Ornithogalum (Ever Pregnant or Pregnant Onion)



Ornithogalum (Ornithogalum caudatum Ornithogalum thyrsoidesOrnithogalum longebracteatum) belong to the lily family. It is bulbous plant and has its origin is Europe and South Africa.. All the  ornithogalum varieties flower with star-like blooms, some clustering along the top half of an upright stem and some creating umbrella or candelabra forms.

In the common language these plants are called the Pregnant Onion because it makes little "babies" on the side of its bulb which can then be potted and grown into entire pregnant onion plants. It is grown as a houseplant, or outdoors as an ornamental plant in warmer climates. It is a very hardy plant and can withstand all types of climates. It likes a lot of water.


Growing information: The Pregnant Onion is a very easy plant to grow. All it needs is an occasional watering, because it is a water succulent plant.  The plants may be brought inside during winter. These plants are hardy and can withstand low temperatures 25°F (-4°C), but they can perish if they are in the cold for too long.  This plant is resilient against pests and disease.  Scales is the only known disease that can affect the Pregnant Onion.


Flowers: It has tiny white, sometimes yellow, flowers that have a green stripe down the center.  They flower on a stalk which grows up from the center of the bulb.  It is said that these flowers have a fragrance but it is either to mild or we humans cannot get its aroma. Don't expect your plant to flower right away unless it is an older plant.  From my experience, I have found that with proper care and patients, it will bloom in the second or third year.


Sunlight and Watering: Even though the Pregnant Onion is a resilient plant; it is a plant nonetheless and can get dried up if left in the direct sun without water for long periods of time.  Pregnant Onions seem to do best in an area that has some shade but exposure to the sun.  A north or east facing window or side of a building is the best location.  They would receive the morning sun and into the afternoon and are sheltered from the direct sunlight.  They are a water succulent plant; they do not need watering everyday, so do not over water them.  They store up water and ration it off as time goes by.  This is a characteristic feature of plants that live in arid conditions, like cactus.  They have, under the outer fleshy skin, a water-storing tissue that acts as water reservoirs for the plant.  All that you have to do is to water them every three to four days.  Some people water them when the skin becomes soft and wrinkly.  After watering, the bulb swells up smooth and green.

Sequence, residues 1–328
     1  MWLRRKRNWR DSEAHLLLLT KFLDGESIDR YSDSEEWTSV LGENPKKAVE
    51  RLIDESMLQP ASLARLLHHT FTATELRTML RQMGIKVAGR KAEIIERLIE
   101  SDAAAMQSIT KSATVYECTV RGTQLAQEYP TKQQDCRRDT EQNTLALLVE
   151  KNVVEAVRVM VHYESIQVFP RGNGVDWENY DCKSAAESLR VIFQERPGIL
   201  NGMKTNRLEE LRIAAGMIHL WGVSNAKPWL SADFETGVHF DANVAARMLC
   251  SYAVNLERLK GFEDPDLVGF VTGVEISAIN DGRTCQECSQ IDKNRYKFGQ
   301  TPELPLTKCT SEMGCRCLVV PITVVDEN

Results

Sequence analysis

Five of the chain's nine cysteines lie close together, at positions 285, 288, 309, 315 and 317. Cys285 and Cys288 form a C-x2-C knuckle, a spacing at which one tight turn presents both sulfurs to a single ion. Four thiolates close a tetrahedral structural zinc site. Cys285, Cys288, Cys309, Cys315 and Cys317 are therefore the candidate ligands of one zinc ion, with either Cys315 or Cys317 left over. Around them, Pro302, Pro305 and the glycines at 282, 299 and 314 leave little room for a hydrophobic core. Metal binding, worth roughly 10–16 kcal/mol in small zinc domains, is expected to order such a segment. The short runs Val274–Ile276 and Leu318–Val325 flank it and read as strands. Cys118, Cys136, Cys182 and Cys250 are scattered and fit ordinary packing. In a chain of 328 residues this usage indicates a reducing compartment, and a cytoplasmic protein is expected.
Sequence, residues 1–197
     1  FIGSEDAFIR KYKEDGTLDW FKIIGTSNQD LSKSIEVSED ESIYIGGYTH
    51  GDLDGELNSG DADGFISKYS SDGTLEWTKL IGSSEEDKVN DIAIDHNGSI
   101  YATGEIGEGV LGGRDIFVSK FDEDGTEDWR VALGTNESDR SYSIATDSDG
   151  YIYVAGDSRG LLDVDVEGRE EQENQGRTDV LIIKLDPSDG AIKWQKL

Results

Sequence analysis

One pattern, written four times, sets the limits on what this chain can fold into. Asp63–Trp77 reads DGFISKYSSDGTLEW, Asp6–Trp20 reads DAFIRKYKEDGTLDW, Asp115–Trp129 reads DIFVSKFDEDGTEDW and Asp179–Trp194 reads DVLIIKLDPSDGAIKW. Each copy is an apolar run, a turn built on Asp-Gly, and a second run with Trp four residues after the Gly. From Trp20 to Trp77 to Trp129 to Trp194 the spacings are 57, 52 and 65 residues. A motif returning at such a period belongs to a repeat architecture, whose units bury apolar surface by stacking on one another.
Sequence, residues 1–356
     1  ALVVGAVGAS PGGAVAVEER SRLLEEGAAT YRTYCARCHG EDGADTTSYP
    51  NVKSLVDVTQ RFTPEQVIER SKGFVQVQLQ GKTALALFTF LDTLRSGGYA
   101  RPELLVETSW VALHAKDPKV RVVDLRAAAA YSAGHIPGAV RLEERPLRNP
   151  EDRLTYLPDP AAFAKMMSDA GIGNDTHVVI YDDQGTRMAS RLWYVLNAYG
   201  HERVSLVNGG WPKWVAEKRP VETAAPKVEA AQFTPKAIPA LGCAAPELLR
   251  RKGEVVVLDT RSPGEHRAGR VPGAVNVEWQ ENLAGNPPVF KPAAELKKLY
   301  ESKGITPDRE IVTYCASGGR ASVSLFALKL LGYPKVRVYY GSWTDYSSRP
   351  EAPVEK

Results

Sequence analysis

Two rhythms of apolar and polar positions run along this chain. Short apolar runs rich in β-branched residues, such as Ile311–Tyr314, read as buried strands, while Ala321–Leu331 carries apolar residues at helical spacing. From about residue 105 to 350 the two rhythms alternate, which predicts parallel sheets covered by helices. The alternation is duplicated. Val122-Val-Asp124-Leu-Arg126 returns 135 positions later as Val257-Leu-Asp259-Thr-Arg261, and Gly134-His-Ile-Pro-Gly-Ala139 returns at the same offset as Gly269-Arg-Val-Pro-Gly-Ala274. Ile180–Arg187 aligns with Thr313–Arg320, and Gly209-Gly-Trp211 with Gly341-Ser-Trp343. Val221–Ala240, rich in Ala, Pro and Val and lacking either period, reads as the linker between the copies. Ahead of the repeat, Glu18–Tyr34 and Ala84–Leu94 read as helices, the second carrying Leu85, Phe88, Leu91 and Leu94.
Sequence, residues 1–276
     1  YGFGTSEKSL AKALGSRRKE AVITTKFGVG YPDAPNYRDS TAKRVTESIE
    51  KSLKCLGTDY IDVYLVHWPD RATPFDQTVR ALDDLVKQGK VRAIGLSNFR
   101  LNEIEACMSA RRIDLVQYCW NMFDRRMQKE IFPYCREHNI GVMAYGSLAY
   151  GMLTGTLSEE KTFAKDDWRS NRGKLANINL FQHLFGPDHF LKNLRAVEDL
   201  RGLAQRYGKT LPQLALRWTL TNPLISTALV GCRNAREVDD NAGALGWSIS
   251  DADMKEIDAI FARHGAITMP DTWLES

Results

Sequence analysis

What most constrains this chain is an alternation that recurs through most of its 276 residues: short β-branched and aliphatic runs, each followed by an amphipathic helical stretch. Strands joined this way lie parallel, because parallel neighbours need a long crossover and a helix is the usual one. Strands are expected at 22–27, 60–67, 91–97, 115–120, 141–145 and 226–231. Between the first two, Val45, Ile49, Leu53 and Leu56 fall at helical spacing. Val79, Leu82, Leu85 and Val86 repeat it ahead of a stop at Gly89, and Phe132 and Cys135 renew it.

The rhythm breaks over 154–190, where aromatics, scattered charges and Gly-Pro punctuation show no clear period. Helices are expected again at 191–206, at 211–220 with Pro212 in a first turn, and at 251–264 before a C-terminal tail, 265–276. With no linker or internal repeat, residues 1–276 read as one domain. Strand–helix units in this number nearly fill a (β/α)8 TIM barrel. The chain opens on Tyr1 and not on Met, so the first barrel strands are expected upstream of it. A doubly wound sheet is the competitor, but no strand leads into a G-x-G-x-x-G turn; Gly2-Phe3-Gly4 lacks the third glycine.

Soil: In most cases, if you are starting out with new bulbs, it would be a good idea to plant them in potting soil.  Potting soil is rich in nutrients that your Pregnant Onion will need.  If your plant comes already with soil use that soil since it is aclimatised to it.  If you are planting in potting soil, you might want to mix it with a little compost manure and a small amount of sharp sand.  The potting soil and manure is for supply nutrients and the sand is used to help drain the excess water out of the bottom of the pot, because the bulb stores the water and can become waterlogged.  If you plan to plant these in the garden then do the same as you would do in a pot; add manure and sand?  When you do plant outside, make sure that your bulb is in a well protected area.  The more ideal the environment is for a young bulb, the longer it will live.  The major difference comes with the change of the seasons.  You'll need to mulch the ground in cold weather.  Remember, this plant is native to South Africa and isn't best adapted to the cold.


Transplanting and Pruning: You can prune the leaves if you desire.  The leaves do have a tendency to die off after time.  This is because the bulb is growing and the old leaves are not large enough to cover the ever enlarging area.  So, to help the plant grow larger, it will loose the outer leaves. Once the leaf dies off, the outer layer of skin will dry up.  This outer skin will peel off but if you would like a neater looking plant, you can carefully peel off this dead skin.  Your other leaves might develop brown tips on them as well.  This is in order and all you need to do is trim them back to the green.

Propagation: When these bulbs have been growing for a year or two small baby bulbs commence to grow on the sides of the mother bulb. Watching new bulb-lets pop out of the mother is a wonderful experience.  After the bulb matures enough, depending on the harshness of its environmental conditions, your Pregnant Onion will be ready to begin making babies.

Some  more information regarding Ornitogaulm

bulbs is given in the tables below:









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